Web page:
1. The 'News In Brief' post for w/c 8th October is now available Guest, click here.
    Dismiss Notice

How I'm feeling after my MS ‘body reboot’ - BBC Website

Discussion in 'Health News and Research unrelated to ME/CFS' started by TiredSam, Apr 3, 2018.

  1. TiredSam

    TiredSam Moderator Staff Member

    Messages:
    4,245
    Likes Received:
    19,830
    http://www.bbc.co.uk/news/resources/idt-sh/caroline_wyatt_multiple_sclerosis

    ME and Rituximab get a very brief mention each. An interesting account of HSCT ("Stem Cell Reboot").
     
    Barry, Joh, ladycatlover and 12 others like this.
  2. Webdog

    Webdog Senior Member (Voting Rights)

    Messages:
    1,228
    Likes Received:
    7,909
    Location:
    California
    Barry, Joh, ladycatlover and 5 others like this.
  3. TiredSam

    TiredSam Moderator Staff Member

    Messages:
    4,245
    Likes Received:
    19,830
    Didn't realise that. I shall let the moderators decide whether it deserves its own thread or not.

    Oh, I am a moderator. Well in that case I shall recuse myself from this decision in keeping with the high ethical standards observed at S4ME, and abide by the decision of my learned colleagues.

    I shall now report myself and prepare to fall upon my sword if need be.
     
    Barry, Joh, Lisa108 and 11 others like this.
  4. Webdog

    Webdog Senior Member (Voting Rights)

    Messages:
    1,228
    Likes Received:
    7,909
    Location:
    California
    I wonder if any ME/CFS patients have tried this (not a recommendation).
     
    Last edited: Apr 3, 2018
  5. Nellie

    Nellie Senior Member (Voting Rights)

    Messages:
    119
    Likes Received:
    1,014
    Doesn't Paul Cheyney do something similar in Panamanian and Costa Rican clinics? But I don't remember reading any of the results.
     
    adambeyoncelowe likes this.
  6. Milo

    Milo Senior Member (Voting Rights)

    Messages:
    305
    Likes Received:
    2,293
    In a past life i was registered nurse in a past life, working in autologous stem cell transplants for patients with lymphoma and multiple myeloma. This is not the same procedure as Cheney by the way.

    stem cell transplants involves stimulating the bone marrow followed by harvest of the stem cells which are usually frozen until ready to use.

    Then the patient gets admitted to the hospital and gets 3-7 days of high dose chemo which can cause secondary cancers over the long term. This chemo will wipe the bone marrow and blood from white and red cells, and platelets. The patients will lose all hair and the mucosa, from mouth to anus will slough off, causing pain, mouth sores, nausea and vomitting, and diarrhea until the body can make another layer of healthy cells. Once the chemo is administered, the stem cells will be reinfused, and it usually takes from 14 to 21 days for the stem cells to become active again, and produce new blood cells. It means that for 3 weeks time, there is no protection against all kinds of pathogens, even the normal flora on the skin and in the gut. Patients usually need blood and platelet transfusions during that time. There will need to treat all infections as life threatening, and there is usually prophylactic treatment with antivirals and anti-fungals. There is a small risk of death from the procedure.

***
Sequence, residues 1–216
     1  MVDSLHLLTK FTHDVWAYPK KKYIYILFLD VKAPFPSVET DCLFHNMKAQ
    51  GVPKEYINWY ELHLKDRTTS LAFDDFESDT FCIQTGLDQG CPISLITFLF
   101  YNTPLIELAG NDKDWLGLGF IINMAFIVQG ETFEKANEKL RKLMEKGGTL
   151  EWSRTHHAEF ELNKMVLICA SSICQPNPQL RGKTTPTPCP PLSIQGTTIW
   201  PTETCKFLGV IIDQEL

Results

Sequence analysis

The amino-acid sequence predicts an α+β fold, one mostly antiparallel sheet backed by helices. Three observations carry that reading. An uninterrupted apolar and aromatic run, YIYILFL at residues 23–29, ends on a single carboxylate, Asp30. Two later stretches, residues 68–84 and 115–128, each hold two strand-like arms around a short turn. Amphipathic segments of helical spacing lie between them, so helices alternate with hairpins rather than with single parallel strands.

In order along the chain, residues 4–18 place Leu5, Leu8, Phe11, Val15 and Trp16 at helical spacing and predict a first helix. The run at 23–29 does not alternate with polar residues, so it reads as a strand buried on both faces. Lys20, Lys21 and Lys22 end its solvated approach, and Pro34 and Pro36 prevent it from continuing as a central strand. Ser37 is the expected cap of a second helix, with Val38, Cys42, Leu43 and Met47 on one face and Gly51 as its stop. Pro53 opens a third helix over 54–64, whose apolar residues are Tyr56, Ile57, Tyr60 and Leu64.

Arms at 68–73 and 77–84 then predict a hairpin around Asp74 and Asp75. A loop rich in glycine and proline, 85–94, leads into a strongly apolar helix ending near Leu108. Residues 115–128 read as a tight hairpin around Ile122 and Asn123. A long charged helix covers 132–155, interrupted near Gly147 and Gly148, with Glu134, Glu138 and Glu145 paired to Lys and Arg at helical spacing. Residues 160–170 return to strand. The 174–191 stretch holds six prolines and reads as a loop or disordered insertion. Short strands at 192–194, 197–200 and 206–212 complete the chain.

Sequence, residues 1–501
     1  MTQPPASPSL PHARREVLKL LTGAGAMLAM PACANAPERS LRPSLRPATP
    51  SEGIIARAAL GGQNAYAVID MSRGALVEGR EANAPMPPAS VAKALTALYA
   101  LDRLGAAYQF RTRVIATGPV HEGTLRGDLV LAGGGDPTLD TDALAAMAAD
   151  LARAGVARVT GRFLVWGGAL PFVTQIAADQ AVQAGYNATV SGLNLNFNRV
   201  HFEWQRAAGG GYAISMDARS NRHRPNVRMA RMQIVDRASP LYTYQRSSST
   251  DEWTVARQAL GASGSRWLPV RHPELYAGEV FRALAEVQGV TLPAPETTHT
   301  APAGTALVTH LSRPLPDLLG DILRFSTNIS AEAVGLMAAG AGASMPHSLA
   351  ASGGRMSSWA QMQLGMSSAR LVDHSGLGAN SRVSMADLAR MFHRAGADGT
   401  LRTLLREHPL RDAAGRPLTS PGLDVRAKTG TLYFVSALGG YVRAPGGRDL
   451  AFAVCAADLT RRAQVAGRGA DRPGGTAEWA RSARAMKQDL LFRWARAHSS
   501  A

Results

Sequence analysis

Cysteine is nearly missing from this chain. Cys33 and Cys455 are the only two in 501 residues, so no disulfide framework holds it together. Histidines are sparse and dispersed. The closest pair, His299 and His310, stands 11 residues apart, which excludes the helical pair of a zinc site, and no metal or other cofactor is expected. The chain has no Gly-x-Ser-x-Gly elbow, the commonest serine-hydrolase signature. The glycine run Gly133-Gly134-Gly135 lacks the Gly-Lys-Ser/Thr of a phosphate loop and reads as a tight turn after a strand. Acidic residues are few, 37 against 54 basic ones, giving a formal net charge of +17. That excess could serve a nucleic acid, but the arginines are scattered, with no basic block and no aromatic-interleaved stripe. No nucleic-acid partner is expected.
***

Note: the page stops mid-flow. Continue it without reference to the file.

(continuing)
I just want to say that this is definitely no the same procedure as Cheney’s or what is being offered in aternative medicine clinics (whatever they do). The procedure i have described is no benign. There are long term implications from just going through this procedure (neuropathy from chemo is one, and risk of secondary cancer from chemo). I am not sure of the long term remission of the MS patients (i did not read the article). Many of my nurse colleagues said that if ever they had cancer requiring a stem cell transplant, they would not go through with it, preferring a most certain death to such a rigorous treatment.

    What i described is an autologous transplant, where the patient receives their own stem cells. In the case of leukemia where the bone marrow itself is cancerous, then oncologists have no choice but either use a matched sibling or an unrelated donor’s stem cells that is optimally matched. This is even riskier than an autologous procedure, as there are usually major issues with graft rejection or commonly called ‘graft vs host’ disease.
     
    Last edited: Apr 4, 2018
  7. Webdog

    Webdog Senior Member (Voting Rights)

    Messages:
    1,228
    Likes Received:
    7,909
    Location:
    California
    The article claims that the procedure can stop MS progression for 5 years or so. It doesn't result in remission.
     
  8. NelliePledge

    NelliePledge Senior Member (Voting Rights)

    Messages:
    1,538
    Likes Received:
    10,974
    Location:
    UK East Midlands
  9. Milo

    Milo Senior Member (Voting Rights)

    Messages:
    305
    Likes Received:
    2,293
    I have read the article. And this made me think. Ever wonder why the psychiatrists (and the insurance companies) (and the NHS) so desperately want to keep ME in the psych department?


    9659B7AA-F19C-44CD-95FA-E89486AA739C.jpeg
     
    Last edited: Apr 4, 2018
  10. Cinders66